There have been 325 days since my last race, and I have been asked dozens of times if I will ever race again.
It is a fair question to ask given my absence from the race circuit, but things have been a little busy this year. Life happens, and I’ve learned that ‘racing’ waits patiently for my return, holds no grudges, and my body cooperates quite willingly to get back on track.
With this in mind, fourteen weeks ago I developed a plan to get back on track; a plan that would culminate in a 100-mile week this week (Mon:10 miles, Tues:15, Wed:18, Thurs:13, Fri: 11, Sat: 22, Sun:11). Before this plan could get off the ground, however, we moved to Venus.
Venus has the distinction of being the hottest planet in the solar system with many of the same geological features found on Earth.
My training plan on Earth has specifically not included hot, and has excluded hills as I pursued a one-person experiment to test whether running on a predominantly flat terrain (the running track at the Rec Center) could improve running efficiency, thereby improving speed.
Indeed, I experienced some of my best race times and a personal best at the 10k distance last year. . . and I vowed to stay on flat land the remainder of my career. Venus is not flat.
Having survived running in the mountainous region of Ecuador, Western North Carolina, and even the Rift Valley of Kenya, who would have thought the rolling hills of the Piedmont would kick my butt?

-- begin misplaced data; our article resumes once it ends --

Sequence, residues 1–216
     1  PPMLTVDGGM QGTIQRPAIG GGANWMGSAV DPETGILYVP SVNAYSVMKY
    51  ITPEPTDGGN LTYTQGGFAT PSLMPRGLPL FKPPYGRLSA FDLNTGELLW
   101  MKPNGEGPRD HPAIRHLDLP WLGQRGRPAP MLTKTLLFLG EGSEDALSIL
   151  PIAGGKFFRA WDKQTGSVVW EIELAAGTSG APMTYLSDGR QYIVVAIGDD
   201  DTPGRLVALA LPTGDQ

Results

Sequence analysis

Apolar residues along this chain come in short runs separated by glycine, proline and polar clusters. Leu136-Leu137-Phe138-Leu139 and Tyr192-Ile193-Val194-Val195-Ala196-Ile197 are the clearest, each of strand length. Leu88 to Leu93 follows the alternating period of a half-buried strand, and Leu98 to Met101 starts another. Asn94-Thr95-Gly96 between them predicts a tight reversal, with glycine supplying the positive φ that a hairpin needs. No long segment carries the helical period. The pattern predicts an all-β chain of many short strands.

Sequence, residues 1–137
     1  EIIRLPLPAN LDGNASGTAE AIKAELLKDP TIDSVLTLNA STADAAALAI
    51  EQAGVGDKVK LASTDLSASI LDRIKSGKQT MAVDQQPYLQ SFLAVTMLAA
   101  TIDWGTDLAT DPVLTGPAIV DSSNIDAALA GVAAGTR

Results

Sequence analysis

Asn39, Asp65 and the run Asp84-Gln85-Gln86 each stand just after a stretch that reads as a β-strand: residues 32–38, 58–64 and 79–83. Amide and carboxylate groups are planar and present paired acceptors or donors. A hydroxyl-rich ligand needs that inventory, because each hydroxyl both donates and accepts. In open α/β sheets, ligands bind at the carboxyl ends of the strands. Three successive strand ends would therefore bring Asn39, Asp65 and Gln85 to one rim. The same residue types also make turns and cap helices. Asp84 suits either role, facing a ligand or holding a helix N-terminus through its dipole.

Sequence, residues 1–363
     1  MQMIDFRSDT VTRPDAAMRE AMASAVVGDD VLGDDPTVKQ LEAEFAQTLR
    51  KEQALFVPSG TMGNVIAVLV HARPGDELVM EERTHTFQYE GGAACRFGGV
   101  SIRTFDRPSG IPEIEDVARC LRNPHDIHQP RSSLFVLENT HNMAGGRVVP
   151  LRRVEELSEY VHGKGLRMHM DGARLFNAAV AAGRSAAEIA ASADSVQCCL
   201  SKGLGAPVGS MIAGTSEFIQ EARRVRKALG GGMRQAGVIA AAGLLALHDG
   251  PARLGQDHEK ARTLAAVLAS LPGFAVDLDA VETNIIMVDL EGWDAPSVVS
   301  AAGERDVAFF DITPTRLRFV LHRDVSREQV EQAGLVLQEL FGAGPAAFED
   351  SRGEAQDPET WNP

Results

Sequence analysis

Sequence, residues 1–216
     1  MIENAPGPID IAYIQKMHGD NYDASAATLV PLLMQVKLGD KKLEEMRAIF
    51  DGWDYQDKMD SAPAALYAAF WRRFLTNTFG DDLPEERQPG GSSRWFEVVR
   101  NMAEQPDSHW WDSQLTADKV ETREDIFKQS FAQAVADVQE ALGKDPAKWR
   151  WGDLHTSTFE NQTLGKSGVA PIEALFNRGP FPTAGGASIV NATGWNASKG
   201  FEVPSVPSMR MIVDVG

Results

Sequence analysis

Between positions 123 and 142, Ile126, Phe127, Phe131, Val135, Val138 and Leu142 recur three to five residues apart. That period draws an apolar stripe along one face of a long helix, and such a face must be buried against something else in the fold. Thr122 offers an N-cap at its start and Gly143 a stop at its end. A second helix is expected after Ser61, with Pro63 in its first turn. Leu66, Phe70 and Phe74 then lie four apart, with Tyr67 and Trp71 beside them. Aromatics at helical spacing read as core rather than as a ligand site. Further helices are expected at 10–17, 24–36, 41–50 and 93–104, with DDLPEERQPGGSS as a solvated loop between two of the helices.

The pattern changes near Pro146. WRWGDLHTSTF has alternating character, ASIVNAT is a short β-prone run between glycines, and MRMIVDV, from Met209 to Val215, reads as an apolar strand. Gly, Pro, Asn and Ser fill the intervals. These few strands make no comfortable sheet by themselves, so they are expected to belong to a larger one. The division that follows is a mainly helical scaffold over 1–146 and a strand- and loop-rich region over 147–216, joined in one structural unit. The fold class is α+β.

It hurts to walk up the stairs, and even worse coming back down. It seemed surely my legs would break off from my body the first few miles of every run. Getting out of bed in the morning was like un-crumpling a wadded up piece of paper. In fact, my body has not cooperated willingly to get back on track, and the last thing I could imagine was running fast in this condition.
Weekly mileage has hovered around 30 miles, and then 40. . . progress has been slow; my pace even slower.
Research is unclear regarding how long this condition may last, but I can confirm it to be in excess of four weeks. It was late last week, week four of living on Venus, the hills began to come and go without the usual moan, and my mind has begun to wander toward the idea of racing again.
I have finally run to the end of the path on the trail that has become my go-to running spot. There was no rainbow; no pot of gold. I stood at the trail’s end and said, “This is it?” Then I realized, sometimes the reward is not at the end of the journey, the reward is the journey itself.
Cannonball Run. A Greensboro Half Marathon – October 10, 2015
Mountains-to-Sea Trail 50k Challenge – April 10, 2016 (my first ultra-marathon)